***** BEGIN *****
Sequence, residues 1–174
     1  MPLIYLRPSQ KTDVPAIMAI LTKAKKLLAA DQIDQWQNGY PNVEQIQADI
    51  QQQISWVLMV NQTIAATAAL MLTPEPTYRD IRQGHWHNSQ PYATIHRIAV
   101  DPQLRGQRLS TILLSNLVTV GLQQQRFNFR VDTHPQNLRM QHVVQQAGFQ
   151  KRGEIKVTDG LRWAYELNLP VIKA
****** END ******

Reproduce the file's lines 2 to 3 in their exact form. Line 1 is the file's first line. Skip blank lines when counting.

     1  MPLIYLRPSQ KTDVPAIMAI LTKAKKLLAA DQIDQWQNGY PNVEQIQADI
    51  QQQISWVLMV NQTIAATAAL MLTPEPTYRD IRQGHWHNSQ PYATIHRIAV